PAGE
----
Fundraising for Iziah soars past $25,000
A fund set up to help a baby battling a rare genetic disorder has smashed its initial target.
The crowdfunding appeal for little Iziah Freeman, who is just eight months old, has raised $25,000 — more than double the original goal of $10,000.
Iziah’s mom, Michelle, said she and her husband, Iriah, still faced major financial hurdles in their attempt to get Iziah home from a specialist unit at a Florida hospital.
Ms Freeman explained: “There is nothing in place for him in Bermuda, so we are going to have to be here in Florida until he is in a position to come home. It gets very expensive — my husband and I have recently purchased a home in Bermuda, so we are trying to cover our mortgage and keep up with our bills there while keeping up with living and accommodation in the States.”
Iziah suffered severe breathing problems after his birth on March 11 and spent several days in the neonatal intensive care unit at the King Edward VII Memorial Hospital.
He was referred to Boston Children’s Hospital in July, when he was put on a ventilator and feeding tube and underwent several operations to clear his airways.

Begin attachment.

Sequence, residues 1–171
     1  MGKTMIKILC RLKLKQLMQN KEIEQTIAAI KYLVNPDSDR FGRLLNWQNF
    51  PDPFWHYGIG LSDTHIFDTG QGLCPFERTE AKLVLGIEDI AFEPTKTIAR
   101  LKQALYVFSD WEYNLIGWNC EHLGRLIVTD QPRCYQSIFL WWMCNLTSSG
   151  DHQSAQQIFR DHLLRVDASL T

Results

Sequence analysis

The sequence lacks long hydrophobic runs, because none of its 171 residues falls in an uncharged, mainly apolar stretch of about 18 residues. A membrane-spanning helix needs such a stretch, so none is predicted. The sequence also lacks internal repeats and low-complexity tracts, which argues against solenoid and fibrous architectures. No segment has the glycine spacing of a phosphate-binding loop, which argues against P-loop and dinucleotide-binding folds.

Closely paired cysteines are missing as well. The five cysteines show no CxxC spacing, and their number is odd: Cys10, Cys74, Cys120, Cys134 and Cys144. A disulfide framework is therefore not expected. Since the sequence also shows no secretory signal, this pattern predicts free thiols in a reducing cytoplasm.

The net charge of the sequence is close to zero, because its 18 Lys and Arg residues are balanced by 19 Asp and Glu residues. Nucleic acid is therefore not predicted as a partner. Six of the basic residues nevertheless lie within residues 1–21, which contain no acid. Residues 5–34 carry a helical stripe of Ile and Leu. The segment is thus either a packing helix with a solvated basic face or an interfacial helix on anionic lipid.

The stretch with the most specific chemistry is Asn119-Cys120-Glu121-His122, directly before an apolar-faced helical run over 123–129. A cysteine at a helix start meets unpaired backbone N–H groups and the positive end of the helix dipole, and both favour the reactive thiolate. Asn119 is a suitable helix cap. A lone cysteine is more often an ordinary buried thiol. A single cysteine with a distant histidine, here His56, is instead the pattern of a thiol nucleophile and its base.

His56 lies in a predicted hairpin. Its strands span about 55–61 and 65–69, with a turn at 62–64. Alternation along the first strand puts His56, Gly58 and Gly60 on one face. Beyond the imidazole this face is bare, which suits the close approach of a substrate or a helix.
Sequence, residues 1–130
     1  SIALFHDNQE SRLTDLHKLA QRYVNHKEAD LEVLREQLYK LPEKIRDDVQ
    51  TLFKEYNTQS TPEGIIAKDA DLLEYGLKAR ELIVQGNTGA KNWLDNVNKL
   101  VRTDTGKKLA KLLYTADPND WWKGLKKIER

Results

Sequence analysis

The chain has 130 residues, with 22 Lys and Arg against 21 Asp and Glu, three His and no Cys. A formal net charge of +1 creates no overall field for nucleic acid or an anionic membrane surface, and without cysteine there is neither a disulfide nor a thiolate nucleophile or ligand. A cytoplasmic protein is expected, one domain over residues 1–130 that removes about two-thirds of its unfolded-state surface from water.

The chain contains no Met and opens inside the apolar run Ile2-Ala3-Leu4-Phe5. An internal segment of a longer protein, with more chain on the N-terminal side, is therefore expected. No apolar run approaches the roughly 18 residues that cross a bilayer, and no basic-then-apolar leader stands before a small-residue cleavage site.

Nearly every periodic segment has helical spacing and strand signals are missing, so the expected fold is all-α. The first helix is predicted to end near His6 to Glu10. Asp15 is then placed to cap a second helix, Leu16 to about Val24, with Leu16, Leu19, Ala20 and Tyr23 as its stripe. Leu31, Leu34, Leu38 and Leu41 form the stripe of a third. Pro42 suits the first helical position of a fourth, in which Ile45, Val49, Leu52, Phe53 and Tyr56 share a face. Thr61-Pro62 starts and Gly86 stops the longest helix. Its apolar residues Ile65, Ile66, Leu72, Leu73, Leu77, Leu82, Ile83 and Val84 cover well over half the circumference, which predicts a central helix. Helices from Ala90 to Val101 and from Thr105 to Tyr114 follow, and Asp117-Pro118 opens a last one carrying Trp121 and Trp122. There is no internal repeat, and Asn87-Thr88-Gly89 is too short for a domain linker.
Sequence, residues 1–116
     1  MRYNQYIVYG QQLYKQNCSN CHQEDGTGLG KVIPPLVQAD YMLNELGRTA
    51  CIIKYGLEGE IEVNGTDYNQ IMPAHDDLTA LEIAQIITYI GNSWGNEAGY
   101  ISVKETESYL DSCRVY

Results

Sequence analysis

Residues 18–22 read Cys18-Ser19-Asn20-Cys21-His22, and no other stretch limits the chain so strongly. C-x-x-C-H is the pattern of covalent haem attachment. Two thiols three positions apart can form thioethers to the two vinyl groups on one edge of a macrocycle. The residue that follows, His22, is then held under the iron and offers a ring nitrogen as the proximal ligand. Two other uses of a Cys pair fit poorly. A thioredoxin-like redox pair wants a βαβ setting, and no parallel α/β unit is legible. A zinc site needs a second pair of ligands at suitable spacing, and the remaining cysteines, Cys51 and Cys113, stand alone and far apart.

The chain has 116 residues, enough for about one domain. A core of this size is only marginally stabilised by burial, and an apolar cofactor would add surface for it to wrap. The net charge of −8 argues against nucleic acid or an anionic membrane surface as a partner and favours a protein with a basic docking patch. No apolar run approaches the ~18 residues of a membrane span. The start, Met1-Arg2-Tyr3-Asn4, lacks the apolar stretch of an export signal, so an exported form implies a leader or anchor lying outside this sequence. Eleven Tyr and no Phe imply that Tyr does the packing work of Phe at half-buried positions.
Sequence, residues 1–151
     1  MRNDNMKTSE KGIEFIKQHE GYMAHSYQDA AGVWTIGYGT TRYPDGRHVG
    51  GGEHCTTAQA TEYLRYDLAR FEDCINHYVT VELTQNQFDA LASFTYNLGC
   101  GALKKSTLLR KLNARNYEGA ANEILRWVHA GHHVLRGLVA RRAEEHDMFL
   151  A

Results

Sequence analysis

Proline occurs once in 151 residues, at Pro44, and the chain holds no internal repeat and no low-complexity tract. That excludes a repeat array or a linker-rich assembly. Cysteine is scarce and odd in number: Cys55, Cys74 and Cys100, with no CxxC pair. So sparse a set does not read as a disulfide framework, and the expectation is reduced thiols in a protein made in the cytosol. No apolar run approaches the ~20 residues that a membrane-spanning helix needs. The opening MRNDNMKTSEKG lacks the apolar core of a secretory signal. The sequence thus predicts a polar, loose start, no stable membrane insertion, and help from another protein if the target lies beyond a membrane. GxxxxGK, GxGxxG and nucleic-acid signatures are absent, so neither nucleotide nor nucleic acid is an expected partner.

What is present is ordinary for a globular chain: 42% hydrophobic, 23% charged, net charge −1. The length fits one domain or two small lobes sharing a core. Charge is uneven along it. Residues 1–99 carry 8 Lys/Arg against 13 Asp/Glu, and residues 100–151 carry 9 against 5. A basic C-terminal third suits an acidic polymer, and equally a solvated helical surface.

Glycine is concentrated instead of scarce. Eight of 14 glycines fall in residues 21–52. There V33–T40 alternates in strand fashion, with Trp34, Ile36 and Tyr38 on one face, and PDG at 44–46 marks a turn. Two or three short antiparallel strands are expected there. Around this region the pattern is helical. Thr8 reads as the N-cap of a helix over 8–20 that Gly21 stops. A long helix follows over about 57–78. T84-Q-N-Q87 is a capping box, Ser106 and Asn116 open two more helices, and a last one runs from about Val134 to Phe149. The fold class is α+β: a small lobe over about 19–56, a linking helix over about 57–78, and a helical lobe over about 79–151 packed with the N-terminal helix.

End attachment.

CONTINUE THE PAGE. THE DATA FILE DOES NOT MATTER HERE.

A geneticist later diagnosed Costello syndrome in the youngster. The disease affects one in 300,000 people and can result in heart, eyesight and dental problems, along with poor growth, weak muscle and bone abnormalities.
Sufferers are also more likely to develop some forms of childhood cancers.
Iziah, who was airlifted to the Florida hospital this month, is likely to need a ventilator and feeding tubes for several years.
Bermuda does not have the facilities to support his medical care.
The family will need to buy a $17,000 ventilator to get Iziah home, as well as a feeding pump, a suction machine and other equipment.
Ms Freeman said: “We need to put aside for when we have to purchase a feeding pump, the different dressings for his tracheotomies and other medical supplies.
“When we do get back to Bermuda, some of these things are not available.
“On top of the medical costs there are things like electricity — our bills will go up.
“If there is a blackout we need a generator, we need to pay for gas to get around to appointments,” Ms Freeman said.
“Also, when children are sent home with ventilators, the child has to have 24-hour nursing.
“These are the things that the paediatricians back home are looking into.
“Insurance covers a good bit but it is still a lot of money after that.”
Ms Freeman, a civilian worker in the Bermuda Police Service’s forensic support unit, said she had not been able to return to work since Iziah was born. Mr Freeman has been able to work only off and on so he can be with his wife and child.
Family and friends in Bermuda organised a fundraising roller-skating event last week and have planned other events for next year.
Ms Freeman said: “I want to thank the community and my co-workers — the Bermuda Police Service, my class of ‘97 ... the skate night went really well.
“They had a good turnout so I want to thank the organisers for that.”
The Freemans are also looking at launching a charity, not just for Iziah, but for other children in Bermuda with respiratory problems who cannot be treated on the island without special equipment.
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